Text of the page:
Notes About Dega:

  • The most exciting part of the race was the whole who won? Was it Clint or Kevin? I loved that Clint decided it was him and started to do burn outs while Kevin sat there waiting to find out who indeed was the winner.
  • What on earth happened to Jeff Gordon after that breakaway push to the front with teammate Jimmie Johnson? He said he was blowing up, fell back, and never did blow up. He came in like 9th or something.  Wow.

Next Race: Texas

All I can say about Talladega is wow. Well maybe wow and Oww.  Funny thing was that I sat down with my notepad to watch Talladega.  That is funny because lately I have been relying more on my memory and less on notes taken during the race.  But for some reason I sat down with my notepad and my favorite, freshly sharpened pencil and settled in to watch the pre-race and then the race.

Because of a rained out qualifying session- Tony started fourth. Not bad at all.

I wrote this during the first several laps:

Watching the cars race at Dega is like driving on the southbound highway 101 from northern California to southern California. It gives me a knot in my stomach.  When the cars start to get four wide is like when the 101 goes from two lanes of spread out traffic to the claustrophic, four-lane, bumper-to-bumper traffic where all you can do is watch out the best you can and hope other people are paying attention too.

I mean I was seriously putting effort into this- especially since I have been slacking off lately.  While I took several pages of notes throughout the race (most of them were mundane things like: Yawn-single file racing bores me and Kevin Harvick wants cruise control he’s so bored), I will not be rehashing on these notes for most of this post.   A day after the race, I am still reeling at the Ryan Newman wreck at 5 laps to go (thanks to ryannewmaninfo.info for that link).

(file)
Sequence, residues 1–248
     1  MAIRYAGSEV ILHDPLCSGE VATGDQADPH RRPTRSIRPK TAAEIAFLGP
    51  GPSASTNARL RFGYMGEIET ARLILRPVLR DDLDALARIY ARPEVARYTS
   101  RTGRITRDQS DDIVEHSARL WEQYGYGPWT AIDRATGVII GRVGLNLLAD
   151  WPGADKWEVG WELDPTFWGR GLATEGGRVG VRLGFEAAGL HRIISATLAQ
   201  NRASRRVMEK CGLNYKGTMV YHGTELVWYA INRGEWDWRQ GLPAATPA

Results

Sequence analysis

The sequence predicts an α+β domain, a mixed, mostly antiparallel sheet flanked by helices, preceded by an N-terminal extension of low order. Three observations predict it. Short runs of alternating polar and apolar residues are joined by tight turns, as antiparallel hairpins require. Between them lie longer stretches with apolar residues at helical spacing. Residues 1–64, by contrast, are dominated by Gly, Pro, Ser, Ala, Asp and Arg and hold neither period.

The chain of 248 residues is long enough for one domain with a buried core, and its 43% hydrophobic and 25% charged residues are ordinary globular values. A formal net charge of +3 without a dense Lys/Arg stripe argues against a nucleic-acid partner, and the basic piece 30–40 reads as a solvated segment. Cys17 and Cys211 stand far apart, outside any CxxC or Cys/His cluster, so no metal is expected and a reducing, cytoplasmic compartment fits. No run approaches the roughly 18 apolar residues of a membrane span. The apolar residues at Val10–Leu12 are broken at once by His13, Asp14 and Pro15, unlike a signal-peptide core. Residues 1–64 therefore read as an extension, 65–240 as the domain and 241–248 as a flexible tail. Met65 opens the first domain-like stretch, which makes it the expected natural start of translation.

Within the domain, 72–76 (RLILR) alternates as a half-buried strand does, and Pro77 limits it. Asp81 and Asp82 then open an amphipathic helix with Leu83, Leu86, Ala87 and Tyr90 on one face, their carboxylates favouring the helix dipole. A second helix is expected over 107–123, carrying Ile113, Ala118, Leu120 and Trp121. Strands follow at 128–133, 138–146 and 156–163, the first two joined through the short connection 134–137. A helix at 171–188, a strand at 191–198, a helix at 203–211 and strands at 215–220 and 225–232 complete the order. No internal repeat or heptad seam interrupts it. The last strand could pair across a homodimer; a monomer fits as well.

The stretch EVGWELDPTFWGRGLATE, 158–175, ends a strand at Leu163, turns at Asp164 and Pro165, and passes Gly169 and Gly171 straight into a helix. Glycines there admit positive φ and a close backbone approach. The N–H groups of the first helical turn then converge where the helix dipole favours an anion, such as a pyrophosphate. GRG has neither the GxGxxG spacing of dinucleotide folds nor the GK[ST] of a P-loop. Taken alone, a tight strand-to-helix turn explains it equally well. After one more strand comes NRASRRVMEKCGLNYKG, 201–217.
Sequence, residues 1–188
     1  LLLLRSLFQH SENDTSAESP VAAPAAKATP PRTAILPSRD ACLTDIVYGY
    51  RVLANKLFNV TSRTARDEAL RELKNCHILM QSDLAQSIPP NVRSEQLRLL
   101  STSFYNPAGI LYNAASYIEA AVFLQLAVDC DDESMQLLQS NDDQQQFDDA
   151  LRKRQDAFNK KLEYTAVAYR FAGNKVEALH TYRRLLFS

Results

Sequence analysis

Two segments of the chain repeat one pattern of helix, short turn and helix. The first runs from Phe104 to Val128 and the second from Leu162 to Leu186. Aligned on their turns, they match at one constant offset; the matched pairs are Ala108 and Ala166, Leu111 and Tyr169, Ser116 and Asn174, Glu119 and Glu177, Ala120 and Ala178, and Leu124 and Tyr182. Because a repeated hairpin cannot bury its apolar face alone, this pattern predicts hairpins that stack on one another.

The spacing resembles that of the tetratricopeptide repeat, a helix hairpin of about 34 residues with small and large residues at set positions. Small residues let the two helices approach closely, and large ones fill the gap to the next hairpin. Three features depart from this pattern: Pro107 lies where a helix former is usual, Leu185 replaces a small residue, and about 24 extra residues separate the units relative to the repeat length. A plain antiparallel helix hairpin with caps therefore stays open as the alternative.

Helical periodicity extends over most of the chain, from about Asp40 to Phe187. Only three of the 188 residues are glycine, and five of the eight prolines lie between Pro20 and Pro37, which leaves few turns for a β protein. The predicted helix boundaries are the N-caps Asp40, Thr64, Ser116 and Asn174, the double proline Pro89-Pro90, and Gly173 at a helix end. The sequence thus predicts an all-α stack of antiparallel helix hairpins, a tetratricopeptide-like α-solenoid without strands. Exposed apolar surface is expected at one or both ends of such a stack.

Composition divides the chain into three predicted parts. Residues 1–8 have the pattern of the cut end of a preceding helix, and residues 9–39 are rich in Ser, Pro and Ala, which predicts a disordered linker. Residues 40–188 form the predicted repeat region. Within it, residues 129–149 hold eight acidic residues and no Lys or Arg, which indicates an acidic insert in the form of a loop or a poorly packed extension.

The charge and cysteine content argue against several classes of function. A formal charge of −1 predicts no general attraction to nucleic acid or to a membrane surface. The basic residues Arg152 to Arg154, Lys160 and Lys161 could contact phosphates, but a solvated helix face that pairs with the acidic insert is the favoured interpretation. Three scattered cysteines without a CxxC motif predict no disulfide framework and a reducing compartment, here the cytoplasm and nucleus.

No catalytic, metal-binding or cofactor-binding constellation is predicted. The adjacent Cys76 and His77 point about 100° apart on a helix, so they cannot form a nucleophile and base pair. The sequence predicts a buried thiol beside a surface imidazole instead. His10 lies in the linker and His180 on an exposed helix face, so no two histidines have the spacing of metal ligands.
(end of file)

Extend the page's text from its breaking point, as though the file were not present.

I happened to be looking down for a minute…I was probably either doodling in my note book (not making a note…but actually drawing flowers) or trying to get my dog to shake my hand…when something made me glance up at the TV in time to see smoke and what appeared to be the rear bumper of a car pointing straight up. I yelled “Oh SHIT” so loud that the dog retreated to her favorite hiding place and I barely heard Andy Petrie say that a car was airborne.

The part of the accident that stands out the most to me is the part after Ryan’s car comes to a complete rest and the view switches to an aerial shot of the car- and all you can really see is the undercarriage of his US ARMY IMPALA and…stillness.  I sat- on the very edge of my couch just watching horrified. As soon as they had played a little snippet of Ryan saying he was alight- I may have cried a little.  My friend and I texted each other back and forth while the safety team cut open his car like a freaking tuna can…

After watching the wreck a few times online- and talking to my friend a couple hours after the wreck (and judging by her Facebook comment- sounds like Trixie thought the same way) my friend and I think that it could have been a lot worse if Ryan’s car hadn’t first landed on Kevin Harvick’s hood.  That softened the initial blow and I think probably kept the car from getting crushed further despite the fact that it went all the way up the track and back down again and flipped some more (into the grass- which is a lot softer than the track where he first went airborne.  I know that the car has rollbars and stuff…and from Ryan’s comments after the race it sounds like they had pretty much caved down all the way to the helmet for him…I think that the car would have completely pancaked if it hadn’t been for Kevin Harvick’s hood absorbing that initial blow.